When driving around the campground, Ruthi and I kept our eyes peeled for our future camp-mate. The first guy we met was a huge stoner who spoke in over-exaggerated syllables—DUDE!—and he was camping with his dad. At the second site, I rounded the corner to find two sketchy guys sharpening knives. The third site was just right. A 19-year-old talker named Samuel ran up to our car and invited us to set up camp with him and his two friends, a couple. They were from Malibu, come up to Joshua Tree as much as possible to climb, were leaving the next day, and were more than friendly. So we parked our car and pitched a tent.

The next morning was clear and crisp. The rain had washed away any trace of haze and left in its trace a glorious sunny day. Ruthi and I were determined to lead a couple routes on our own, to challenge ourselves and not just set up top ropes. With something like 7,000 routes, there is no shortage of climbing in Joshua Tree. The challenge is only in narrowing down your options. Following the advice from local shop Nomad Ventures (which has the most inspirational bathroom ever), we scoured the books and found our first route of the trip: The Bong.

Ratings in Joshua Tree are stout. At a bonfire later in the trip, I met a man who was a Joshua Tree lifer, was drinking a bottle of Jim Beam, and kept saying over and over that if you can climb 5’7 in Joshua Tree, you can climb 5’7 anywhere. We were looking at 5’5 for our lead climbs. But for a 5’5, the Bong was still pretty intimidating. It’s a solid crack that juts straight up on the shoulder of a large rock located directly in Hidden Valley Campground. The holds were bomber, and the crux was slightly overhung, but featured two flakes that boosted confidence.

Ruthi led the climb first. She was strong and took her time, making sure her gear was placed well. She climbed through the crux and was above it when she fumbled looking for gear. It’s funny how climbing something so easily on a top rope becomes a different game when you are actually at the top of the rope. I’m not sure what happened, but she lost her footing and let go. Ruthi fell about 15 feet, and a stony ledge caught her before her gear did. She landed on her foot and actually ended up fracturing one of the tiny bones in between her ankle and her toes. But pumped with adrenaline, Ruthi took a few deep breaths, turned around, and sent the climb to the top.

Then it was my turn. I was nervous. But inspired by Ruthi’s performance, I sent my lead, too.

I came to Joshua Tree with one friend. But many, many other friends showed up. I’m not sure how they found us; my cell phone was off the whole week. But one by one, they arrived at our campsite. First it was Robin (who I had planned ahead of time to meet). Then Jake found us. Then we ran into Robin’s friends who she kayaked around Alaska with — and we really hit it off with this group of four, who ended up camping and climbing with us for the rest of the week. Then Ben and Ben from Squaw showed up, pulling the 10-hour drive in an all-nighter. I found Nick and Finley in another campsite around the bend. Then came Dustin, Pete, and company. And then Ashley. I love it when the world feels small.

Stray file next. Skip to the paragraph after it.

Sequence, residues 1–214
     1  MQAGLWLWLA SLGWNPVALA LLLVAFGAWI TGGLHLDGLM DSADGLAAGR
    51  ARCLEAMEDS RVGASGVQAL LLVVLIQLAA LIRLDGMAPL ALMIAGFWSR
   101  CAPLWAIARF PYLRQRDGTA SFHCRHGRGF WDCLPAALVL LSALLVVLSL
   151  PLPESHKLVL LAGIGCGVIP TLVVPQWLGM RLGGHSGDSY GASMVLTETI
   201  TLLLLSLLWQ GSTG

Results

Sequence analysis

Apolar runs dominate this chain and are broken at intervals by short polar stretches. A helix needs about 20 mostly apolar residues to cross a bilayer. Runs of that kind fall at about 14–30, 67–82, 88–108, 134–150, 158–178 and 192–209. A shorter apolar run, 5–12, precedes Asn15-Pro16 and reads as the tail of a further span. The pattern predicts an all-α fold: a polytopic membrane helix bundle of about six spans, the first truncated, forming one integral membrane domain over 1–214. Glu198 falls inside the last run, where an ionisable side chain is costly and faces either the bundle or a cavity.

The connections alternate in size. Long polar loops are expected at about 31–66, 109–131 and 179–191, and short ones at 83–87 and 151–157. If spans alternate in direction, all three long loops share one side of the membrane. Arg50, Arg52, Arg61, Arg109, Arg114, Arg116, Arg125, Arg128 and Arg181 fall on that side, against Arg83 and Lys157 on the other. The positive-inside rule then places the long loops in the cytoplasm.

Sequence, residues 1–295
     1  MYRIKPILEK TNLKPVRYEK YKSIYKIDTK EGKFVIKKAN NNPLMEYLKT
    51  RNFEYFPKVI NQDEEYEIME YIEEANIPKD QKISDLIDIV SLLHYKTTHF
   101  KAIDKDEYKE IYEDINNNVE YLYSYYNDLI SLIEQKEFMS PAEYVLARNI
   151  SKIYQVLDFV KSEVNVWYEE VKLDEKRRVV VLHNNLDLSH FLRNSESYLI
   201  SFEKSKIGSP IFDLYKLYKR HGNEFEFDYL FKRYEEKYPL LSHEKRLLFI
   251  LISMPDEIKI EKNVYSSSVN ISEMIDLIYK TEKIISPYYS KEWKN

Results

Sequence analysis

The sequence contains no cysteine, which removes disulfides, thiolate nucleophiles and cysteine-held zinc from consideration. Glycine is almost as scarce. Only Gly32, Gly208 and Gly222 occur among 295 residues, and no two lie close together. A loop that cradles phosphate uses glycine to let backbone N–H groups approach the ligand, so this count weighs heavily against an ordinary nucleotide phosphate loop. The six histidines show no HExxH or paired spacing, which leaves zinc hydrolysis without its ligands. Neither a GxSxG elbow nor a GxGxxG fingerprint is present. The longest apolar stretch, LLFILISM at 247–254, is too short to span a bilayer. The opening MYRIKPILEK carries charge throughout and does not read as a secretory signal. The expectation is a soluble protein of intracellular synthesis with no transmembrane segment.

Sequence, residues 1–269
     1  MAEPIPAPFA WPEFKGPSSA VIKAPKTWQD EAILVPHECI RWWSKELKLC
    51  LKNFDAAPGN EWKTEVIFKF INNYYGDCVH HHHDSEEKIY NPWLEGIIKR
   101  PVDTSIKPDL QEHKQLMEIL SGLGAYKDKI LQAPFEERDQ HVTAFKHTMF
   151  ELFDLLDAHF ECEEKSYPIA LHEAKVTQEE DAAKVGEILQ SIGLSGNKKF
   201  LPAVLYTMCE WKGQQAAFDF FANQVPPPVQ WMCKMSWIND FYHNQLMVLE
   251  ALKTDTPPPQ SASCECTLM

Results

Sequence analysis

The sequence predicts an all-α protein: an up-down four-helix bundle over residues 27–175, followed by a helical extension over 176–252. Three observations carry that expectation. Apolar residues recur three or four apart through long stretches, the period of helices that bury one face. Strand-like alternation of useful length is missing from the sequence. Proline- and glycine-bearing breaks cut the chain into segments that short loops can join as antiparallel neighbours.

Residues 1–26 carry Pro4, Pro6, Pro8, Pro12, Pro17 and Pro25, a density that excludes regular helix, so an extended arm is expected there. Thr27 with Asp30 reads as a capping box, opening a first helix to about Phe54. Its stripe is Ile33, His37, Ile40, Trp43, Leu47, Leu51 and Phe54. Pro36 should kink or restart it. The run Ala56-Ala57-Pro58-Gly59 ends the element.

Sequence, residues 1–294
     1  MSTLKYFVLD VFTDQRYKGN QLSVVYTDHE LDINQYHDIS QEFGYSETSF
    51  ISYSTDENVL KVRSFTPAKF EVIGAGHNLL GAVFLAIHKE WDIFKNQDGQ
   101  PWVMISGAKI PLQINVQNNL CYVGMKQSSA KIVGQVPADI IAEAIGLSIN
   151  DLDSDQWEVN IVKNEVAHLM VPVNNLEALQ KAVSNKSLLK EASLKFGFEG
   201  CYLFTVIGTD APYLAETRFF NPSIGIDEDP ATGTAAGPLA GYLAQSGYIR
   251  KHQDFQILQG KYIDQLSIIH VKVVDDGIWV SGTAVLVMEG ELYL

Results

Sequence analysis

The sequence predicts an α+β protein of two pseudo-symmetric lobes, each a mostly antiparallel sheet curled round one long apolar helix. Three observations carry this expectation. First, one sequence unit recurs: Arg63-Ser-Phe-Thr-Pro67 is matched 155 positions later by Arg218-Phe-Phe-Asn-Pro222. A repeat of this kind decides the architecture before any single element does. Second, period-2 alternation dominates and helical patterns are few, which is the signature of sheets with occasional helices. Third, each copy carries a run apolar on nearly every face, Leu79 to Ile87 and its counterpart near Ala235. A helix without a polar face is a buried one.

My trip was only supposed to last about three days. But when the sun set on my last day before my scheduled flight the next morning, I was far from ready to go home. I was just then starting to get comfortable in this new place with endless climbing. So I canceled my flight and stayed for the rest of the week. That was the best decision of the trip.

The next day we climbed Reggie Dome. Our crew set up three ropes, each accessing several routes, and climbed until after dark. This day was far and away the best one. I led another route, the Chief, a 5’5 double crack that was steep, but had bomber gear and reassuring holds. But I also top-roped a couple 5’10s that day and everything in between.

The gamut of climbers run from beginners like me to fearless free soloists who jump on a rock without a rope or a second thought. But the talent is nothing to be intimidated by; it’s something to inspire growth. With every move in Joshua Tree, my energy kept replenishing and I rediscovered why I love climbing. I stepped up to routes that intimidated me, and instead of giving into that anxiety, I focused it on the problem. When I got to the top, my heart was elated and my confidence soaring. This is why I climb. Because I have to breathe through challenges, because everything else in life melts away when you’re focused on making the next move, because when you get to the top you understand why the best things in life are worth working for.

I woke up the earliest on my last day and walked across the desert as the sun rose. It was quiet; I was alone. It felt like this sunrise was meant for me, and me alone. And as I watched electric red streak the sky, then pink, then a pop of yellow, I was at peace. I will definitely be making a fall trip to Joshua Tree an annual event.